Various ways to conserve forests – while making an income from the indigenous communities in Peru

 

Forests in the Peruvian Amazon stand for far more than just tree cover for these indigenous communities.   Marco Simola  CIFOR

Photo credit: CIFOR

Forests in the Peruvian Amazon stand for far more than just tree cover for these indigenous communities. Marco Simola CIFOR

REDD+ and other imperfect solutions

Indigenous communities in Peru’s Amazon are trying various ways to conserve forests – while making an income from them too.

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For Carolina Barbarán, leader of an indigenous Shipibo Konibo community near the Ucayali River, protecting local forests is a major concern – because here, in the heart of the Peruvian Amazon, the future of forests is the future of the people.

“A big threat comes from illegal loggers who steal our timber,” says Barbarán, as she enumerates the challenges she and her community face.

“They can sneak in because the managed forest is too far from the village for us to monitor closely.”

Such illegal activity undermines not only the local environment but also the local economy, which depends on forests and forest products.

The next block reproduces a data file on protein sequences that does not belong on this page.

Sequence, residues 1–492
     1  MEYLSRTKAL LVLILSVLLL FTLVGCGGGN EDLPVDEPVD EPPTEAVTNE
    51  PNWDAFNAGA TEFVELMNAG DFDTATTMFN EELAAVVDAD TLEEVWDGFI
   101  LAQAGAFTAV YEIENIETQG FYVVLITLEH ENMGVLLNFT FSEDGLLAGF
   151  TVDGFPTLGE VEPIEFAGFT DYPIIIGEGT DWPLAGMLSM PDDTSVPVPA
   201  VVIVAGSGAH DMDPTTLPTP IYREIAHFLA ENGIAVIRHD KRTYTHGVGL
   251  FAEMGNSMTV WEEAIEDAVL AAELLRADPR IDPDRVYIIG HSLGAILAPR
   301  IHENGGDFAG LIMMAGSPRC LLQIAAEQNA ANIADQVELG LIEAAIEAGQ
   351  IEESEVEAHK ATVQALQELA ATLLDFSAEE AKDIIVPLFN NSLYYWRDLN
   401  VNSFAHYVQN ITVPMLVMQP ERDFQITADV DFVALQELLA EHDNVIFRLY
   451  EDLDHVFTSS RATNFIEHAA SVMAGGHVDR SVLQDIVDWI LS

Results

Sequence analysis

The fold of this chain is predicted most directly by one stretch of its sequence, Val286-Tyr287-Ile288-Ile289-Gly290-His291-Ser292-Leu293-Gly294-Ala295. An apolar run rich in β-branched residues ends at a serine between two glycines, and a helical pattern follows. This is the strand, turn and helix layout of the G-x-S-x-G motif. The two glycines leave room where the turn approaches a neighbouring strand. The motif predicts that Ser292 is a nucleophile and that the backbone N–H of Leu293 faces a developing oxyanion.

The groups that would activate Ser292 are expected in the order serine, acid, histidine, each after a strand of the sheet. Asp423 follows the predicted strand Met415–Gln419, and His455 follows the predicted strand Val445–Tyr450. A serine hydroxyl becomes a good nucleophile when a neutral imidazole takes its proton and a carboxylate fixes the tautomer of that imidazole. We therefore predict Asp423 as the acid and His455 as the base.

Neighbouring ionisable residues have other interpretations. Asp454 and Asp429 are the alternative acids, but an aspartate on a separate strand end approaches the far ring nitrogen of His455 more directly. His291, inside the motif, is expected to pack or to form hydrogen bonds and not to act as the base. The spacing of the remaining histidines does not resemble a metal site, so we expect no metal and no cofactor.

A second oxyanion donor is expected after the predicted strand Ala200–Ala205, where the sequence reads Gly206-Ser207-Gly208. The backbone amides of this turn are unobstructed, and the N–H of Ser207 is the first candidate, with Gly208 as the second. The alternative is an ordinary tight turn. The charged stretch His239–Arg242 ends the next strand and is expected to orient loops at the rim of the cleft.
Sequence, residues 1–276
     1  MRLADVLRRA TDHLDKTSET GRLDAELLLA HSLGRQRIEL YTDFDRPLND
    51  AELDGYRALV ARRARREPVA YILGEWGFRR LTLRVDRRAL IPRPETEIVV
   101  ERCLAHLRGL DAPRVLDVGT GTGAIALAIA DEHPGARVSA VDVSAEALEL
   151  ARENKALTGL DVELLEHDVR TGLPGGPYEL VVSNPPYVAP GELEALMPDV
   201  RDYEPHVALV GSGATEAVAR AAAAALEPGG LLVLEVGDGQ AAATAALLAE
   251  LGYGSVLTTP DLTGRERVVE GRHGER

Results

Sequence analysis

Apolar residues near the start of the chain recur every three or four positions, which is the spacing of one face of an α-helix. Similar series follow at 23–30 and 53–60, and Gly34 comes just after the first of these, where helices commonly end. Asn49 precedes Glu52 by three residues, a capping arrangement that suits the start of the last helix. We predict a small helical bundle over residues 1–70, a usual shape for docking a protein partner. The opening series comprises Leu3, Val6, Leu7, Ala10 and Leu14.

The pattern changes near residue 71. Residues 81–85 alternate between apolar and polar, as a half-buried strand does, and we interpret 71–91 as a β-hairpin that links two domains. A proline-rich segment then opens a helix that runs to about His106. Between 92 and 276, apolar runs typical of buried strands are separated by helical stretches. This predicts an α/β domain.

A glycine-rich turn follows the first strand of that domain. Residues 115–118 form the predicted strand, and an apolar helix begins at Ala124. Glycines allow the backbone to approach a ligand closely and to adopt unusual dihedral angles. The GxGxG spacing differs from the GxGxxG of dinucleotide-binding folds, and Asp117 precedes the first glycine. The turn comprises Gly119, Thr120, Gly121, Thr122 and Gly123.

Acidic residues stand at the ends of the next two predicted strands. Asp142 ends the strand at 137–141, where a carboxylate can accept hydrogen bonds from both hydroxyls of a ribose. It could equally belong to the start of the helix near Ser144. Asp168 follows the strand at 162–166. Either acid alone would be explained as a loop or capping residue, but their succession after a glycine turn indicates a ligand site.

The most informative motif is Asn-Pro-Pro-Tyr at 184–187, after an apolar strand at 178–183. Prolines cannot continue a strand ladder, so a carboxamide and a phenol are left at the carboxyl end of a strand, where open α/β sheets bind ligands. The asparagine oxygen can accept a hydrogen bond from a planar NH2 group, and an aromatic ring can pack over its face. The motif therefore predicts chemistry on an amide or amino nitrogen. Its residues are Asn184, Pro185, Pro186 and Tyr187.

Which is why villagers and supporting organizations are always looking for new approaches for conserving the forests and increasing their incomes – including the mechanism known as REDD+, or Reducing Emissions from Deforestation and Forest Degradation.

RESEACHING REDD+

Since 2012, Barbarán’s community has been involved in a REDD+ project led by the non-profit Association for Research and Integral Development (Asociación para la Investigación y el Desarrollo Integral, AIDER).

The basic idea of REDD+ is to place a monetary value on the carbon emissions that are saved through avoided deforestation.

Read the full article: Forest News CIFOR

Published by

Willem Van Cotthem

Honorary Professor of Botany, University of Ghent (Belgium). Scientific Consultant for Desertification and Sustainable Development.